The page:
Special Cupcake Syndrome is when someone who has a mental illness, or who does not have a mental illness but desires attention and control, who may or may not be an abuse or trauma survivor, demands special treatment, or acts out in ways to get attention for themselves, or attempts to control or manipulate others, using their real or perceived condition as an excuse for their behavior. 

Let us be VERY clear- PTSD and related illnesses are NOT THE SAME THING as Special Cupcake Syndrome. Sometimes, the lines can become very blurred between the two, because survivors NEED attention. They need validation. They need support and healing and understanding and compassion from the people around them. These are natural and valid needs for every human being. None of those needs mean that they are displaying SCS, and not all expressions of these needs are SCS related. NEVER FEEL GUILTY OR ASHAMED TO EXPRESS YOUR NEEDS.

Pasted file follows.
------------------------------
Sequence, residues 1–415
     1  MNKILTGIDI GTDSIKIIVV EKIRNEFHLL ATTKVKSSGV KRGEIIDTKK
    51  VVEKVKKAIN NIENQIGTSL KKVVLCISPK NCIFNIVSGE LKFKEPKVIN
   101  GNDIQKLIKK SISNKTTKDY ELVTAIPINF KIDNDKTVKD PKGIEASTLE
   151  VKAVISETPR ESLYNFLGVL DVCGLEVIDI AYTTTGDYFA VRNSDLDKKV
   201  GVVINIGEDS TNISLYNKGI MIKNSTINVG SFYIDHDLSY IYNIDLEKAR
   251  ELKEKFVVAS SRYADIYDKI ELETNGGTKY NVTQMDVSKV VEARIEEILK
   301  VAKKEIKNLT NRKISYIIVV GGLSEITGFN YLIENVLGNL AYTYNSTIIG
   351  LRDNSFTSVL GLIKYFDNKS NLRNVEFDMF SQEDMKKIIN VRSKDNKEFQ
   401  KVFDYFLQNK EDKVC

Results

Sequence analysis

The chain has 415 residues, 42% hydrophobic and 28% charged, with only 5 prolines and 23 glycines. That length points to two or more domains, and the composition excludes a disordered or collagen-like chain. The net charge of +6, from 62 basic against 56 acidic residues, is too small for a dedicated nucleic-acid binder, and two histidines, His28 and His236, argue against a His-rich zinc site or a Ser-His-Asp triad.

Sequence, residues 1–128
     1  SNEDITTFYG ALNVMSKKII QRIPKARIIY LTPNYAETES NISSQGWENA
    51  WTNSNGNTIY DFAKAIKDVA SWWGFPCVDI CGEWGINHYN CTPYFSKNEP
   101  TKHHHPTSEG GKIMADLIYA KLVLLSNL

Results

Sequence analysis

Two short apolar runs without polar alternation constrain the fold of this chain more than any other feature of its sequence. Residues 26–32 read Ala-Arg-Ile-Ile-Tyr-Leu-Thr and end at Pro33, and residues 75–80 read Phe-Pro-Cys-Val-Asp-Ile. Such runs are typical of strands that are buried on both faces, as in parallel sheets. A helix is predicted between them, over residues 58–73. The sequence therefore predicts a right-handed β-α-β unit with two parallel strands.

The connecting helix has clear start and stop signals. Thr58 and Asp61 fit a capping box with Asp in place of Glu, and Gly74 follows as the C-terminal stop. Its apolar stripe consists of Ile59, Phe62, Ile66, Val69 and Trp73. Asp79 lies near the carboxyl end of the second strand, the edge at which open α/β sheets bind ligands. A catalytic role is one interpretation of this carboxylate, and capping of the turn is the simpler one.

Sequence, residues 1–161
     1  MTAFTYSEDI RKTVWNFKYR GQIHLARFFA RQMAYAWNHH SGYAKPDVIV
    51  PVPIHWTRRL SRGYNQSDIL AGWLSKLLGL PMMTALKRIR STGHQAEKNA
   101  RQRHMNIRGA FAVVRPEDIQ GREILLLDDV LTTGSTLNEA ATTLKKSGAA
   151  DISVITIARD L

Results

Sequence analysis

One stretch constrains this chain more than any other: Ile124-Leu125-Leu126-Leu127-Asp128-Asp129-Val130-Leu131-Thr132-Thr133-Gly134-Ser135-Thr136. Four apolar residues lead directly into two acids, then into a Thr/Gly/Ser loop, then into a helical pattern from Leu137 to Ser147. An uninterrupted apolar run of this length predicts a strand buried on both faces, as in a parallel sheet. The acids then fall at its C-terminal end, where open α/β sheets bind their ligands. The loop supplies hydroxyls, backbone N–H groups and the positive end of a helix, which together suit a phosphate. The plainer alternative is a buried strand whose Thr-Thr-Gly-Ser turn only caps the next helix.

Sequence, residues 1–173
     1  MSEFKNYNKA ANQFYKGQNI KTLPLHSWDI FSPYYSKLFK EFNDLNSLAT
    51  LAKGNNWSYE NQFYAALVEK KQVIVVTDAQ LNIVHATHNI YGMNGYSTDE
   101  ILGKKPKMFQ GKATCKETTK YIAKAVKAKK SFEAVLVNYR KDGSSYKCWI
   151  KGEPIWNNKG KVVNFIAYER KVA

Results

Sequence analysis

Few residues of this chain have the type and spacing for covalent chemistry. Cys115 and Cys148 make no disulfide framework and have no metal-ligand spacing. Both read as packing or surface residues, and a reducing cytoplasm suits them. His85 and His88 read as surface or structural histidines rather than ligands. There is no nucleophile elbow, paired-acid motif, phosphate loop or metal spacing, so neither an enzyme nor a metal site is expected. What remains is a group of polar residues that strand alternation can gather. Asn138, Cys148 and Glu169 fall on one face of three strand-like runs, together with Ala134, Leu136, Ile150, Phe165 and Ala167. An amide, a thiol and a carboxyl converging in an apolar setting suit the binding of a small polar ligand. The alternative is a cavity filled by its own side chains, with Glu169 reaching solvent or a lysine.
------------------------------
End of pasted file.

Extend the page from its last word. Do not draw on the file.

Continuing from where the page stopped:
SCS is not an expression of a need. It is an unreasonable demand to have that need met by someone else, in a way that seeks to control them, and it's most commonly found in online interactions. (Though, it does happen in real-life encounters as well.) With SCS, getting the need met is less the goal than controlling the other person. Getting your needs met in ways that do not manipulate, abuse, or attempt to control others is the only healthy road to healing. What survivors both need and fear is to be KNOWN. We need to be seen. We need to be loved as individuals, by people who know us well enough to love us. We can not get that from people who do not know us well, like celebrities, web page administrators, or other "anonymous" internet connections. They have no connection with us, or real investment in our well-being. Demanding that they meet our needs is not only unreasonable, it's unrealistic. It is holding another person responsible for our feelings and reactions- which, in turn, gives them control over our feelings and reactions.